Piston rod column failure (buckling) can occur if the rod diameter is not sized to match the stroke and load. The manufacturer should be consulted for application assistance.
Column strength considerations: Standard size rods are recommended for use in cylinder applications where column strength, rod sag, or rate of cylinder return do not require an oversize rod. Being more flexible, standard rods absorb shock loads and minimize bearing loads caused by misalignments. For long push stroke cylinders, an oversize rod may be required to prevent column failure and rod bending. Total cylinder length when extended is considered in column strength.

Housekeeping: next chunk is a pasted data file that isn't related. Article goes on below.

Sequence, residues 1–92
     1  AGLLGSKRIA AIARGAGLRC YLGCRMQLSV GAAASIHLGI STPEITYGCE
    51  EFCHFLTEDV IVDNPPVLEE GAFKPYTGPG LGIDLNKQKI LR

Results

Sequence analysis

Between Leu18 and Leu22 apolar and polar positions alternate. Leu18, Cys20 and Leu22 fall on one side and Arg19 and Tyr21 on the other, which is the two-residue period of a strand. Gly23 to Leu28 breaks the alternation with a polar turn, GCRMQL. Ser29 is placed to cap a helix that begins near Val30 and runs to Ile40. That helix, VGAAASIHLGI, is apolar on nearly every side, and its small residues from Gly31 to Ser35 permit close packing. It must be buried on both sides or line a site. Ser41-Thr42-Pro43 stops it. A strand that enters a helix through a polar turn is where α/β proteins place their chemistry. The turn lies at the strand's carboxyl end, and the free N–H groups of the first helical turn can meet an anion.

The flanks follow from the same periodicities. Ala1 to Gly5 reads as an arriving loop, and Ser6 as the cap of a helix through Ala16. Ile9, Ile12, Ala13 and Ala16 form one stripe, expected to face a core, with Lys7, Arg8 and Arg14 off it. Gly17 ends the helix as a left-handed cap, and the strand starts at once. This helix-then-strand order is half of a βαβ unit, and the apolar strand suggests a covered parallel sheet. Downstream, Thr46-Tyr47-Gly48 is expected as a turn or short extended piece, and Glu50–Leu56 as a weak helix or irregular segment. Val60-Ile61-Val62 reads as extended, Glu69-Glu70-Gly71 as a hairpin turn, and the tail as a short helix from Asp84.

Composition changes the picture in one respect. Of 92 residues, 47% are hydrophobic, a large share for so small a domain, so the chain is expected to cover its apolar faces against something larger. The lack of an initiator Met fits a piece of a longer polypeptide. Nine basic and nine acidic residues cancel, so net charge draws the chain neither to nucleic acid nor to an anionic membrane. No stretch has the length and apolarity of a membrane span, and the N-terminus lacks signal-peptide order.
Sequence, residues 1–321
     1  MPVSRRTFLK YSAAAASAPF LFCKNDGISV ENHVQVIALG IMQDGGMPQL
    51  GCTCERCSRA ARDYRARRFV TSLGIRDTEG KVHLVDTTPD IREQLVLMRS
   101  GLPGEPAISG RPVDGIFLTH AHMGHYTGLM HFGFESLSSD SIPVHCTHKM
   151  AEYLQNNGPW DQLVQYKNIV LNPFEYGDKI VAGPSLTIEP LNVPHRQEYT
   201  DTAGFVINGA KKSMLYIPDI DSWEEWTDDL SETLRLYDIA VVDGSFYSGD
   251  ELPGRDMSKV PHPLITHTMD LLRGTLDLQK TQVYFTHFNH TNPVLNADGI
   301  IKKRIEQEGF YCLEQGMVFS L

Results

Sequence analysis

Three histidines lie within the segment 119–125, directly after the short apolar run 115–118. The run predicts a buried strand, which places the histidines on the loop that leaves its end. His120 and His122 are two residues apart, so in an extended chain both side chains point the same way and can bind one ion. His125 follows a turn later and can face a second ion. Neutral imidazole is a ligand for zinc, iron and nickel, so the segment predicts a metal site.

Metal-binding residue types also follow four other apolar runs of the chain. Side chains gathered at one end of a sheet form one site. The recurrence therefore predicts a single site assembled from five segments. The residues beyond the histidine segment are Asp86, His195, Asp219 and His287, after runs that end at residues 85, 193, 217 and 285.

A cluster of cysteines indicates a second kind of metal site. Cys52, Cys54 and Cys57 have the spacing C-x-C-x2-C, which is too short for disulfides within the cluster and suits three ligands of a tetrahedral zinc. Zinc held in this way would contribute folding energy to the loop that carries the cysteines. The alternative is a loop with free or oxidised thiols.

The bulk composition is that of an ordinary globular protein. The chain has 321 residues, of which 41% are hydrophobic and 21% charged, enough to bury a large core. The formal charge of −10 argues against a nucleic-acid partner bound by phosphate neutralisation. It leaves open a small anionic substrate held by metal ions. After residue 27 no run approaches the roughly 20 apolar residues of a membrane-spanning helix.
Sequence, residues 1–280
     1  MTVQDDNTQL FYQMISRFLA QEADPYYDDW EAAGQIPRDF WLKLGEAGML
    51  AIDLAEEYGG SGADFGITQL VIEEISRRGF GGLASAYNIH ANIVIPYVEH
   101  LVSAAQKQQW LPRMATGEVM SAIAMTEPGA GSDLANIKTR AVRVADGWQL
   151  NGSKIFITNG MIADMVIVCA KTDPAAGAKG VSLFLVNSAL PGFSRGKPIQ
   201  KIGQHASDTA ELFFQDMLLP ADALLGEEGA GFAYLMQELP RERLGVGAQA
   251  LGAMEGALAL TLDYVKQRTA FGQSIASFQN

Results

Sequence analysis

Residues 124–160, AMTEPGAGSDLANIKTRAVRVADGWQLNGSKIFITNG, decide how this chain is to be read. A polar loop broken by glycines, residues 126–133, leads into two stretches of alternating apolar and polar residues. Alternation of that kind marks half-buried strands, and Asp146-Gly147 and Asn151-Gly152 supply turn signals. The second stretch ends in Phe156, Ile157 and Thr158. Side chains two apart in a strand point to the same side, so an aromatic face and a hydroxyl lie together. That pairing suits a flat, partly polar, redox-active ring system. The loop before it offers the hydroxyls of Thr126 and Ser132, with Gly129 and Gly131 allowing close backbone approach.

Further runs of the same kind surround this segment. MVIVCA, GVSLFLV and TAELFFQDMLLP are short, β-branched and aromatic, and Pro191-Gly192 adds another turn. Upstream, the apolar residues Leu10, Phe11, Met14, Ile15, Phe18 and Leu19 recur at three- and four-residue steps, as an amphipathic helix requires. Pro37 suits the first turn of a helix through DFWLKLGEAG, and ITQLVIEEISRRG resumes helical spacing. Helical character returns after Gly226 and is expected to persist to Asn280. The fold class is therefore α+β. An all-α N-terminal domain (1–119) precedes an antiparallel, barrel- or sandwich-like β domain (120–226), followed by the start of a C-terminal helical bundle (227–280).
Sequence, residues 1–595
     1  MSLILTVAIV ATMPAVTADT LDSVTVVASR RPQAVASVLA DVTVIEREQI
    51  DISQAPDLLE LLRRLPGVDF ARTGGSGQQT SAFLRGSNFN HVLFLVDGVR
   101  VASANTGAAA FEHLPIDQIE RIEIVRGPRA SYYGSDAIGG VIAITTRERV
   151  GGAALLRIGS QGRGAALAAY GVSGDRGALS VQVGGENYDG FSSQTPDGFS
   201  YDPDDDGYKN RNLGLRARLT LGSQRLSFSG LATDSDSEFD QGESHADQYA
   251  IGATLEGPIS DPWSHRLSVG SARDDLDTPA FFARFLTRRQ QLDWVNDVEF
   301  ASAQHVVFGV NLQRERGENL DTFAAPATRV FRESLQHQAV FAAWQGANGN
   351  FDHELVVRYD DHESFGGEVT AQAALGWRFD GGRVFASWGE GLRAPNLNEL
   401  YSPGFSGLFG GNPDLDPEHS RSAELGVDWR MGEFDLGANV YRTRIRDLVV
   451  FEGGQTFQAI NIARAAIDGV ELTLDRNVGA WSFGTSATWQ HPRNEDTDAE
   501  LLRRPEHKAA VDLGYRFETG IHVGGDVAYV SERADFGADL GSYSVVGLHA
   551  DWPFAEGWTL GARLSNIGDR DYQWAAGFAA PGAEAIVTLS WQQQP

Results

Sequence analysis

Whenever possible, we highly recommend using SAE O-ring or JIC fittings. Both of these provide a highly reliable, reusable connection. Since these fittings don’t rely on mechanical deformation to create a seal, the risk of a broken fitting or port is virtually eliminated.
SAE O-ring (O-Ring Boss) are straight thread fittings that seal using an O-ring between the thread and the wrench flats of the fitting. The O-ring seals against the machined seat on the female port.
Fittings with O-rings offer advantages over metal-to-metal fittings.
O-ring fittings can either be adjustable or non-adjustable. Non-adjustable fittings are screwed into a port where no alignment is needed. Adjustable fittings can be oriented in a specific direction.
JIC 37° flare fittings seal with metal to metal contact between the flared nose of the fitting and the flared tube face in the female connection.